“A young lady is not a horse, Darcy!” Richard retorted. “I would not know how to deal with a wife who needs instruction. No, you need to locate a suitable young lady with the disposition and sense of either Miss Bennet or Mrs. Commodore Fitzwilliam to make this work.”
The Colonel looked suspiciously at his cousin’s benign demeanour and said sharply, “Just who are you suggesting if I may ask?”
“It is only a suggestion, Richard, but you have met her: the unattached sister of our host, Miss Caroline Bingley.”
“Darce!” Richard said, sitting up sharply in surprise. “I just met her, and she was just as you described: fawning, inane, and sycophantic! And she never stopped talking!”
“True, but it is not every day that you find handsome young ladies who are both eligible and possess a fortune of twenty thousand pounds.”
Richard was about to continue his argument, but Darcy’s statement stunned him. Twenty thousand pounds was indeed a prodigious fortune…but she was so…so…
“And she is very handsome, Richard,” Lady Matlock said. “More handsome than many young ladies who at least drew your interest.”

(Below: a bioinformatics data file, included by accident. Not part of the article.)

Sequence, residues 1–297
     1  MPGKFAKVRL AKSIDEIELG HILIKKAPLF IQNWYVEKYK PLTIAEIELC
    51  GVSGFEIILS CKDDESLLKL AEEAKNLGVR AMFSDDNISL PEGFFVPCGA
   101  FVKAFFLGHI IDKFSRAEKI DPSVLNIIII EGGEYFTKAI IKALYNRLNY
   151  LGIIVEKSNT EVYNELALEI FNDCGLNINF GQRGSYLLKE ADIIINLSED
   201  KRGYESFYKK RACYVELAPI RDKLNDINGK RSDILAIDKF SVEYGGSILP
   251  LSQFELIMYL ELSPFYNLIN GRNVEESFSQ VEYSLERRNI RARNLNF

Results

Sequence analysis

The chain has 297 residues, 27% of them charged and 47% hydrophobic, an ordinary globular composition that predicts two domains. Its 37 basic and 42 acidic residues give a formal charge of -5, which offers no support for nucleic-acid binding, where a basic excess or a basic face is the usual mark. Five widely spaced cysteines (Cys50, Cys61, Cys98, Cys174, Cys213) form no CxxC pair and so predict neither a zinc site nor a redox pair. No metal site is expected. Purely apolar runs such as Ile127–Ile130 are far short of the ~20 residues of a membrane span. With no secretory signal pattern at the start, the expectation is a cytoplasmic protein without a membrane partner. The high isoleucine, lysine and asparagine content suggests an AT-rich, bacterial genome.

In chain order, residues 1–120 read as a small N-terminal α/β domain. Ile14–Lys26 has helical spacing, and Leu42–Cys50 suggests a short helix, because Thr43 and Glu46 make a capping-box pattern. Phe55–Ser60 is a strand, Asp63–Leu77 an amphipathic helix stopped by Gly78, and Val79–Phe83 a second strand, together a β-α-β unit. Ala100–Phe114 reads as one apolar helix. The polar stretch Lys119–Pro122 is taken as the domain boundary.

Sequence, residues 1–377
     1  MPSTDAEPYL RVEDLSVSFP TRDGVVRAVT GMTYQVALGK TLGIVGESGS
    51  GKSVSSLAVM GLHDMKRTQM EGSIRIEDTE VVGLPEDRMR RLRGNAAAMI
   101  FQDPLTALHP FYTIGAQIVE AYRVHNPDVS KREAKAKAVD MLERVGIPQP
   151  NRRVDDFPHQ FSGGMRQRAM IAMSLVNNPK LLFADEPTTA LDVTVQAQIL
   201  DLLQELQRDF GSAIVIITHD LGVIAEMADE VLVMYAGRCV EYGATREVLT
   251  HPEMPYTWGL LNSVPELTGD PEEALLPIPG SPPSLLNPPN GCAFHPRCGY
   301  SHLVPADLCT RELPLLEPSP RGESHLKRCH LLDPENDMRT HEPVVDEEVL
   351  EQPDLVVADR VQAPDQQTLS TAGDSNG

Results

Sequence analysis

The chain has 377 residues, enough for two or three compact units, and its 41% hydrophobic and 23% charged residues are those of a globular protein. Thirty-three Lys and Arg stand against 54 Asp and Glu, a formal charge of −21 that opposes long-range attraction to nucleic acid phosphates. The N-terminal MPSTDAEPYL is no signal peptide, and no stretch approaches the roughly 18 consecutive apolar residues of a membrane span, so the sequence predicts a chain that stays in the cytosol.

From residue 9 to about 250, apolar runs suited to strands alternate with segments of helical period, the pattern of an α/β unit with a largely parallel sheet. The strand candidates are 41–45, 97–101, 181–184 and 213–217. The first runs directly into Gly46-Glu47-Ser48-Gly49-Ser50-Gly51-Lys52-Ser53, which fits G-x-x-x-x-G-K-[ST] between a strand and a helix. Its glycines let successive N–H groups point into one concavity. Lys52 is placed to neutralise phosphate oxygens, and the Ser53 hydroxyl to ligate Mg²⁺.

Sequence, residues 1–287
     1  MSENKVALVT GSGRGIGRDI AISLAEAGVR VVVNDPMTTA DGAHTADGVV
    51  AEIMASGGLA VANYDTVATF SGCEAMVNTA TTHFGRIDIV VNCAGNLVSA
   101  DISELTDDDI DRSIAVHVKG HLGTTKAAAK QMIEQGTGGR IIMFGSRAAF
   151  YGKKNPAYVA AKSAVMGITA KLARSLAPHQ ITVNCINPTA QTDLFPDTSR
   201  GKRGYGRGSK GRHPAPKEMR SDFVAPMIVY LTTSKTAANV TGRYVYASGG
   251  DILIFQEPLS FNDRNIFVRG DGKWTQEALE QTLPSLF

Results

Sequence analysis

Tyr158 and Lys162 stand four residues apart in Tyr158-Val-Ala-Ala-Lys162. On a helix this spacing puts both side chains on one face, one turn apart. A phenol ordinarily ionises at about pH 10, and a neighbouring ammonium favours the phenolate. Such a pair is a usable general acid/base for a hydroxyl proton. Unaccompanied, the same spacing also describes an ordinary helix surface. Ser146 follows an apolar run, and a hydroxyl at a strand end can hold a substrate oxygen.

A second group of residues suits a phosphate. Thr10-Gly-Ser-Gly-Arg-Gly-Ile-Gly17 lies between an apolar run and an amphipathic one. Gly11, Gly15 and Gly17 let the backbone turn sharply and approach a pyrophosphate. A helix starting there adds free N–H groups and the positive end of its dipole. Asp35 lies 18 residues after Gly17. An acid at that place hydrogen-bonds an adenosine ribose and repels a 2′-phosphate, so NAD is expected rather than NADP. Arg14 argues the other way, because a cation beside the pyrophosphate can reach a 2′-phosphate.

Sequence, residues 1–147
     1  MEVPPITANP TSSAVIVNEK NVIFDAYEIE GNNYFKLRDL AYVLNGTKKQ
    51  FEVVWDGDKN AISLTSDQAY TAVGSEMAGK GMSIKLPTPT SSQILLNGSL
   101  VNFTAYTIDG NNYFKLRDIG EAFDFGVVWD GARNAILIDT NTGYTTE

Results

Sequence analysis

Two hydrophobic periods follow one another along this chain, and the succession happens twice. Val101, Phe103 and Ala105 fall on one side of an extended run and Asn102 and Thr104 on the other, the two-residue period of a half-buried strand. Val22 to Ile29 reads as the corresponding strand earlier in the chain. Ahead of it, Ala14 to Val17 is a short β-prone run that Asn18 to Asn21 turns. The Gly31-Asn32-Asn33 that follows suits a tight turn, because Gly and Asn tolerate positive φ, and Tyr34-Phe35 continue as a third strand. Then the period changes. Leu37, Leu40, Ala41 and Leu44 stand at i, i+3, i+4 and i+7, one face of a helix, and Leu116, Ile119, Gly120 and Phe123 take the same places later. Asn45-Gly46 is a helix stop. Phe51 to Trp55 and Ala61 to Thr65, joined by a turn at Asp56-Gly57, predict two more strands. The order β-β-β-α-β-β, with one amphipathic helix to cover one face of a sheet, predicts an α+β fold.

“But I did not actually pursue any of those ladies, Mother. And I really have no desire for my wife and me to be so distant that we live our lives in different spheres as so often happens.”
“Darcy is making a suggestion, which you might give some consideration, son,” his father said. “I noticed nothing untoward about the young lady other than her excessive civility and deference.”
“You might also remember, Richard, that wives promise to love, cherish, and obey, while husbands promise to love and cherish,” Lady Matlock said quietly. “Those promises are sometimes abused by unworthy husbands, but that does not change our vows. Your father does not often command me, but on those occasions, I know I have no choice but to obey his orders. You might have to exert yourself to break her bad habits, but it could be done.”
“It is only a suggestion,” Darcy said mildly. “I saw that you did not get on at luncheon, so I wanted you to give the matter some thought rather than dismissing it out of hand”
Richard looked quite unconvinced, looking carefully at each of the others before finally saying, “I am not sure about this matter, so all I will say is that I will think on it. That is as far as I will go.”
“It is farther than you have gone before, lad,” his father said cheerfully, ignoring the look from his wife. “I believe your mother and I may as well start planning the wedding breakfast!”
Not if I can get back to the Peninsula and the French first, Richard thought sourly. But his vow was somewhat disturbed by his memory of Caroline Bingley’s graceful walk when she was not trying to put on airs.
Definitely a comely lady, he thought idly. I wonder whether she could be gentled to the marriage bed…